If you’re just starting out on your journey to financial success, you may not have a big emergency fund saved. And if you’re planning to buy your first home soon, you may be wondering how to structure your savings.

Should you save for your emergency fund first? Or should you save for your home and sock away emergency money after you buy?

If you’re in an area of the country where renting is more expensive than buying (most of the country, according to a recent Forbes article), you might want to jump into homeownership as soon as possible.

So maybe you’re thinking, “I’ll just save up for a down payment and closing costs and then worry about an emergency fund after I buy a house.”

Not so fast.

A mortgage lender is much less likely to give you a loan if you’ll have no money left after paying your down payment and closing costs. You’ll most likely need at least a partial emergency fund before you apply for a mortgage, so you may want to make saving for emergencies your first priority.

All About Reserves

There are four basic requirements to getting a mortgage: income, credit, collateral (the value of the property), and assets. Assets include both your down payment/closing costs and your cash reserves.

Of these four, you probably hear the most about credit and your down payment, and the least about your cash reserves. Your assets in reserve are those you can access easily, which can include savings accounts, checking accounts, stocks, bonds, mutual funds, and even retirement assets.

This is money that you can access in case of an emergency. Your lender wants to know that if you lose your job or run into other difficulties, you’ll still be able to pay your mortgage.

How Much Do You Need in Reserve?

Cash reserve requirements vary from one lender to the next. However, the larger your debt-to-income ratio, the larger the cash reserve you’re likely to need. If you put a significant amount of money down on your home, or if your DTI ratio is very low, you may not need to have as large a cash reserve as you would otherwise.

With that said, you should plan to have at least two months’ worth of mortgage payments in reserve after you pay for your home buying costs.

So if your expected mortgage payment (including things such as property taxes and homeowner’s insurance) is $1,500 a month, you should have at least $3,000-$4,500 in cash reserves. This is obviously much less than a fully-funded emergency fund, which would be able to cover all your monthly expenses for three to six months.

What Counts as Cash Reserves?

According to a local ReMax realty site, cash reserves can come from nearly any source that’s easily accessible. Bank accounts are obvious here, but stocks and mutual funds are also acceptable sources. Since you can withdraw penalty-free from certain types of retirement accounts in case of a financial crisis, these accounts may count as well.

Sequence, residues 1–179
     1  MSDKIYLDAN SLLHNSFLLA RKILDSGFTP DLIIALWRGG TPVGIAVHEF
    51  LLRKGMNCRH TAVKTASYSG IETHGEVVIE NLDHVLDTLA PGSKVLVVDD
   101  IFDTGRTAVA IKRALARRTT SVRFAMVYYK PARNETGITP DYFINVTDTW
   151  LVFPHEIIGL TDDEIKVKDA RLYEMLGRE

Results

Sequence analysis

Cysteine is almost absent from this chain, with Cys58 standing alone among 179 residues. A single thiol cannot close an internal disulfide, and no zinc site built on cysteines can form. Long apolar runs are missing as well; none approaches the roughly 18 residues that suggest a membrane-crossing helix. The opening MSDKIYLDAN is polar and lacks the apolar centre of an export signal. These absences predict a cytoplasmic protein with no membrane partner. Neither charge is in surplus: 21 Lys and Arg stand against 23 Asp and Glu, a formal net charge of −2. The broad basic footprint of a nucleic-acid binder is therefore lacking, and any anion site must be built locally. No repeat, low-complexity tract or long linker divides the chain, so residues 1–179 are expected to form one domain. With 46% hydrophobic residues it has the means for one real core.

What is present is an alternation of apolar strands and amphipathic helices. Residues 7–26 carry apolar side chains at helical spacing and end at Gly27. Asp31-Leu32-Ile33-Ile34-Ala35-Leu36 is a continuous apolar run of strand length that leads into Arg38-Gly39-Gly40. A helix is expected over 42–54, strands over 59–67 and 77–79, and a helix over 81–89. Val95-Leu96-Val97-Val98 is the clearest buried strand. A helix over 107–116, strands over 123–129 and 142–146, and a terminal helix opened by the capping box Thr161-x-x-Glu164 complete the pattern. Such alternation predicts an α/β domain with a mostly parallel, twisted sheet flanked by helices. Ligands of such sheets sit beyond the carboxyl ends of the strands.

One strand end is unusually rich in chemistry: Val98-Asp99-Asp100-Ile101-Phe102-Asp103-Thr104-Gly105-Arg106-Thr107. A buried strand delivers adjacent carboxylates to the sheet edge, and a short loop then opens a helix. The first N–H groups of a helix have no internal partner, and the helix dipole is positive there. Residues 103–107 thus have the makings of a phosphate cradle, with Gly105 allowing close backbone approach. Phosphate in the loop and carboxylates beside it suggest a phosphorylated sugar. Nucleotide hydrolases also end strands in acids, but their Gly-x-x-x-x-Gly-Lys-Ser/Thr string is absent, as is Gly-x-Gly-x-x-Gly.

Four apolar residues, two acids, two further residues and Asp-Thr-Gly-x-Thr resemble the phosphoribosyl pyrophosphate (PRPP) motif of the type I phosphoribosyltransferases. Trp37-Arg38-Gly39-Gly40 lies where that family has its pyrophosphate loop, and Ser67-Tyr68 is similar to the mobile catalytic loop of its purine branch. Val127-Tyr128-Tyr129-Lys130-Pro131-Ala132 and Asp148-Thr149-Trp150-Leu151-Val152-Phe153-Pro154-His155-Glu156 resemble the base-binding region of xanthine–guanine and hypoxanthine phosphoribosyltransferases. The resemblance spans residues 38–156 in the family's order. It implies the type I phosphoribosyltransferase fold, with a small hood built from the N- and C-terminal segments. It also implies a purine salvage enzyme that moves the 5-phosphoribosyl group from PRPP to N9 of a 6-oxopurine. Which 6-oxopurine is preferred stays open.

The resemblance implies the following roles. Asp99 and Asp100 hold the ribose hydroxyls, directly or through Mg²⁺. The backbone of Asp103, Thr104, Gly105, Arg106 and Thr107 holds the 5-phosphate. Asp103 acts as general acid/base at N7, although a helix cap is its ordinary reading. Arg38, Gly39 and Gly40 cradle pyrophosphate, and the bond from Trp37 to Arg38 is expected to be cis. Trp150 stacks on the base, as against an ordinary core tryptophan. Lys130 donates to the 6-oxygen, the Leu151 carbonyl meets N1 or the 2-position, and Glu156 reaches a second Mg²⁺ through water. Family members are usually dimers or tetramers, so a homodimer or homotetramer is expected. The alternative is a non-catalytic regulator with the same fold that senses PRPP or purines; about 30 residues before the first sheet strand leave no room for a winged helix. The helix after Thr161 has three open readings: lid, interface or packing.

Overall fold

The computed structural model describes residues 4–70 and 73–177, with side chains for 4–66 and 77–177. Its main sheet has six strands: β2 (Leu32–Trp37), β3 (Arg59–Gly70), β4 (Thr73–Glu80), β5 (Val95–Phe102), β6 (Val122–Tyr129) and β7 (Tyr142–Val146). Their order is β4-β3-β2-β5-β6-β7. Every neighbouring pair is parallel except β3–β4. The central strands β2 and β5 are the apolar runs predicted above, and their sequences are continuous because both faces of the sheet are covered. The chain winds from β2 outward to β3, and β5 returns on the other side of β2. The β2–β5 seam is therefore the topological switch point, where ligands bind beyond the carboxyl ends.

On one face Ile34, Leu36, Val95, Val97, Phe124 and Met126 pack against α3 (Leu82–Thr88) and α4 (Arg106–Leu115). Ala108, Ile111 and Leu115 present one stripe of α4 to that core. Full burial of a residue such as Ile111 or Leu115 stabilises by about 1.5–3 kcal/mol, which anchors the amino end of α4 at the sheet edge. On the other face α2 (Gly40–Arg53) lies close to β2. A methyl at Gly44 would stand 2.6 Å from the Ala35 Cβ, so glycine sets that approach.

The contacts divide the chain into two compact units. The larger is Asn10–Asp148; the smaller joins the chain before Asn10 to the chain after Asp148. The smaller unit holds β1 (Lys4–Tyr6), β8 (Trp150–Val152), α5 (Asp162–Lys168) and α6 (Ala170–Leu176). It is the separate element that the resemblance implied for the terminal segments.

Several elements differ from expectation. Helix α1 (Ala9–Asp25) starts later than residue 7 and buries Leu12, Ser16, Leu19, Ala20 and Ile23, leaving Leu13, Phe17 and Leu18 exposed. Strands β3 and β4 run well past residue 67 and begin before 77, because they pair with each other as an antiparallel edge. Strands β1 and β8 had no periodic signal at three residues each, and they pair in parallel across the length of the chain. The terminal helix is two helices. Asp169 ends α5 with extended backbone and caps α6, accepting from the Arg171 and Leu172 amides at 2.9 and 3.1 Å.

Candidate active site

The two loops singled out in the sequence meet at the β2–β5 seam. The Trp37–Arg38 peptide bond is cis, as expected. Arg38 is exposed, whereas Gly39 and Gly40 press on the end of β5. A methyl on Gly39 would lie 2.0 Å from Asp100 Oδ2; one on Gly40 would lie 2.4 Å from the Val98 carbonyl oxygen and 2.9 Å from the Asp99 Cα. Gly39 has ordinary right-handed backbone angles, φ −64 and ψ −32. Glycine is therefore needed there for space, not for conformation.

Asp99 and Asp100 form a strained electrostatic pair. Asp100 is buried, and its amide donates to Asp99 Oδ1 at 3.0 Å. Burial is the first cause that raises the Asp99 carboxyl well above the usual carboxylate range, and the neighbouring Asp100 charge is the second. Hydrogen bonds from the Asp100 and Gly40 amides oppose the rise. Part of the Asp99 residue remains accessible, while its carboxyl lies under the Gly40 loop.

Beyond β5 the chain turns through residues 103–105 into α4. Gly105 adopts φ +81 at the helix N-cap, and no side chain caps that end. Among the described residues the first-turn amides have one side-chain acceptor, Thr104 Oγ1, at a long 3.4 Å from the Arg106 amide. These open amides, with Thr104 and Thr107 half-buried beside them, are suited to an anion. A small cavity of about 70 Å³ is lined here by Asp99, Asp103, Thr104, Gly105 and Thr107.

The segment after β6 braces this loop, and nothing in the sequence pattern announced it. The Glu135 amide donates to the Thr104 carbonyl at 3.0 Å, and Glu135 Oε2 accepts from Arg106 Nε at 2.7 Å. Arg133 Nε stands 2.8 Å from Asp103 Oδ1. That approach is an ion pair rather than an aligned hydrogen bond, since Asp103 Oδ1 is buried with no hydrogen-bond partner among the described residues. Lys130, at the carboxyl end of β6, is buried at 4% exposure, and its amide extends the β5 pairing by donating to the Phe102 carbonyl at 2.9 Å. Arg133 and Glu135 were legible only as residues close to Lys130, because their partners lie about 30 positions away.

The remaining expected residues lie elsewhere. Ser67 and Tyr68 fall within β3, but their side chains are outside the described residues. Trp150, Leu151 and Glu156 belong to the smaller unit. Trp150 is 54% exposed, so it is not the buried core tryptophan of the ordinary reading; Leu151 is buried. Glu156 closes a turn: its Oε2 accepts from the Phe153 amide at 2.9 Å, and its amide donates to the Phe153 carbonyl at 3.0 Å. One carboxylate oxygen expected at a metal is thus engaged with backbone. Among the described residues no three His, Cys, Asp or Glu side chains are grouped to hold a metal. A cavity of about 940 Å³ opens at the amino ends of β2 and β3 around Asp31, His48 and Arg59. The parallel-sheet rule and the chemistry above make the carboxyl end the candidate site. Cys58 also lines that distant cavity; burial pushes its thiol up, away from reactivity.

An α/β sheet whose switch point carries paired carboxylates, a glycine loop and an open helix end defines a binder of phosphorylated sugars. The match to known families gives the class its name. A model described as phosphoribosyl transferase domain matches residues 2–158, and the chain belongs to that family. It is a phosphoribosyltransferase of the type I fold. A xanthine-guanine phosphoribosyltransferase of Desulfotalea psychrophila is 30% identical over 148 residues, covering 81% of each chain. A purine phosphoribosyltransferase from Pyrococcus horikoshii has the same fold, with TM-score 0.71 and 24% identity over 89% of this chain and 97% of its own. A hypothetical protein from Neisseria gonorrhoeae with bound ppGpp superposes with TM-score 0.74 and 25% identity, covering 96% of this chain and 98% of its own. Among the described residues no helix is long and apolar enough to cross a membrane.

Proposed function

The main thing is that you’ll have to provide documentation of your cash reserves to the mortgage lender. This could come in the form of recent bank or brokerage statements, or recent retirement account statements.

Also, the cash for your reserves and for your down payment and expenses will likely need to be seasoned. In other words, it’ll need to sit in your bank account for about three months before you apply for a mortgage. This helps lenders weed out buyers who may not have the savings discipline that homeownership requires.

One thing to note: You can use a gift from a close family member to get a mortgage. The gift money could form part or all of your down payment, or part or all of your cash reserves.

The process can be complicated, though, as the person giving the money will have to provide documentation about where the gift comes from and what it’s for. Gift taxes may also apply to large gifts.

It All Goes in the Same Pot

As you can see, having at least some emergency savings before buying a home is essential. With that said, the money for your down payment and your emergency fund is likely to all go in the same account.

So you don’t really need to think of saving first one and then the other. Instead, you’ll set a general savings goal of how much you’ll need before you buy a home.

If you like to follow steps like those outlined in Dave Ramsey’s Total Money Makeover, think of saving for a home as Baby Step 3.5. You don’t have to save three months’ worth of expenses before you save to buy a home, but you should save at least some.

Once you’ve saved a couple of months’ worth of mortgage payments, you can move on to achieving your down payment goal.

So when it comes to thinking about saving for a home, think of your total savings goal. Calculate not only how much you’ll need for your down payment and closing costs, but also how much you’ll need to have in reserve.

Related: Can You Put a Down Payment on a Credit Card?

Then, save the total amount in a money market account or a similar option, and prepare to buy a home.


  • Abby Hayes

    Abby is a freelance journalist who writes on everything from personal finance to health and wellness. She spends her spare time bargain hunting and meal planning for her family of three. She has a B.A. in English Literature from Indiana University Purdue University Indianapolis, and lives with her husband and children in Indianapolis.